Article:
For those affiliate managers who will not able to attend the conferences, there are some active affiliate manager email discussion lists frequented by the top affiliate managers. There are regional lists in New York City and San Francisco and a list for the entire United States.
Know Thy Affiliates
Affiliate marketing knowledge is essential, but it’s not everything. The top affiliate managers know their industry, contemporaries, and affiliates. Coming on December 6, there will be a unique online event that combines education, networking, and interaction with affiliates.
The Affiliate Webinar is a free online affiliate seminar in which industry experts get together with affiliates and merchants for a series of themed chats plus all of the trappings of an offline conference: success tools and resources, networking, door prizes, and more.
This event is a good litmus test of which affiliate programs are striving to succeed and which are ambivalent. After all, there are hundreds of affiliates already enrolled for this free event, and they heard about it from their affiliate managers. Can your affiliates count on you to inform them about resources to succeed?
Consult With an Expert
Affiliate programs arise and develop through the natural selection of small, inherited variations that increase their ability to compete and survive. There is a sort of “survival of the fittest” among affiliate programs and the companies they complement.
In cases in which a new program wants to move quickly past the affiliate marketing learning curve, there are some excellent consulting resources at its disposal. Although lots of companies are offering consulting on affiliate marketing, not a lot of people have an insider’s knowledge of what works. For what it’s worth, if I needed help launching a new program, I would contact a small handful of people.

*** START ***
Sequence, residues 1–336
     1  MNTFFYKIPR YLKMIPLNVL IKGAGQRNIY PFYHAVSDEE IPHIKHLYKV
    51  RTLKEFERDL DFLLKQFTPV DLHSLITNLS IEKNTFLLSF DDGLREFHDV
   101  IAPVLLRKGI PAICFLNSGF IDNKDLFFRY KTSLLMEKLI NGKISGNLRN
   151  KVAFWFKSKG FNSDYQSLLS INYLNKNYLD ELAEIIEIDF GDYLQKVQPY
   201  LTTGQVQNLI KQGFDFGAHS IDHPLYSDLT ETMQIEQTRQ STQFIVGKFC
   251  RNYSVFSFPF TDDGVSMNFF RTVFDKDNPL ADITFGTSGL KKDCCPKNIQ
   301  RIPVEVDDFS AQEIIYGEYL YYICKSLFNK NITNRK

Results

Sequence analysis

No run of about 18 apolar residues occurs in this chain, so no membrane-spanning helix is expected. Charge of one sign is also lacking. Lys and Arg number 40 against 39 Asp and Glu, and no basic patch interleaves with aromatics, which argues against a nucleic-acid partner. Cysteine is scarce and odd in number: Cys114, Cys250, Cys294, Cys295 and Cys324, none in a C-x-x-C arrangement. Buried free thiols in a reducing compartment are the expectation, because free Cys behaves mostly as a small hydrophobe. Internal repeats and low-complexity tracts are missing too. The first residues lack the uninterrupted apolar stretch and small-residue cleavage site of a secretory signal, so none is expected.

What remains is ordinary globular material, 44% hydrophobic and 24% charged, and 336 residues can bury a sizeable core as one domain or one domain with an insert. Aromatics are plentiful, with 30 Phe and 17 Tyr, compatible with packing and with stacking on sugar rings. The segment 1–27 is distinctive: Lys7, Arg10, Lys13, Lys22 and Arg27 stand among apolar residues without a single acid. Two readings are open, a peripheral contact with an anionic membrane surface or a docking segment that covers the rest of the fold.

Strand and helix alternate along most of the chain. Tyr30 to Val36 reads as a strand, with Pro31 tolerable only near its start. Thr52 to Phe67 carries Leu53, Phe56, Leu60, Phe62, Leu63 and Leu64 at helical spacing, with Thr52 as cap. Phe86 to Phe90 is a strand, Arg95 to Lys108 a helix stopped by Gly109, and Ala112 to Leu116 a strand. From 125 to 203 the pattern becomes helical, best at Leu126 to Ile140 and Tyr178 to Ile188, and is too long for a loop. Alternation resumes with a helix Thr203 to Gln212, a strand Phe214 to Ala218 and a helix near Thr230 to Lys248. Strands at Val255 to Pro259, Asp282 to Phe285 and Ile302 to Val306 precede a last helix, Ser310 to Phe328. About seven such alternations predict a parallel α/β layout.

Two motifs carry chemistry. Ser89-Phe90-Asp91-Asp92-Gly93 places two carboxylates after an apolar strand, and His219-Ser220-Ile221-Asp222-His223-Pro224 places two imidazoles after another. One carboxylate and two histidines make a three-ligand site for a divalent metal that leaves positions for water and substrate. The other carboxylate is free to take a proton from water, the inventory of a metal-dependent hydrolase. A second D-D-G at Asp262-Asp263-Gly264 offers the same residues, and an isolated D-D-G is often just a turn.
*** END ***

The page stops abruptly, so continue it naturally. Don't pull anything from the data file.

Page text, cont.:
The preeminent service for getting an affiliate program off the ground is ADNet International. ADNet launches and develops performance marketing for companies of all sizes, and its team includes Patrick Anderson and Declan Dunn.
There are two dynamic and knowledgeable affiliate marketing consultants that have an intimate knowledge of Commission Junction and the industry as a whole. Keith Kochberg, formerly a merchant with Commission Junction, runs the boutique marketing consultancy, imarketing ltd. Linda Woods, former resource programs manager with Commission Junction, offers an array of affiliate marketing services in her new incarnation as the Affiliate Goddess.
Across the pond in the U.K., Neil Durrant offers affiliate marketing consulting in addition to the tools and resources that he makes available to affiliates and affiliate managers within his network of affiliate marketing sites.
Although the dot-com landscape is constantly changing, these changes aren’t signs that the sky is falling. Rather, they are evidence of business evolution. Inevitably, some of the players will leave us, and new start-ups will develop into our competition. It’s natural selection in the dot-com world.
To shamelessly paraphrase Mark Twain, the reports of the death of affiliate marketing have been greatly exaggerated.
In a recent column on the history of affiliate marketing, I mentioned the early directories (Refer-it.com and AssociatePrograms.com) that helped to chronicle the industry. I neglected to reference another early player, Adbility, which also played a part in the early days of affiliate program reviews.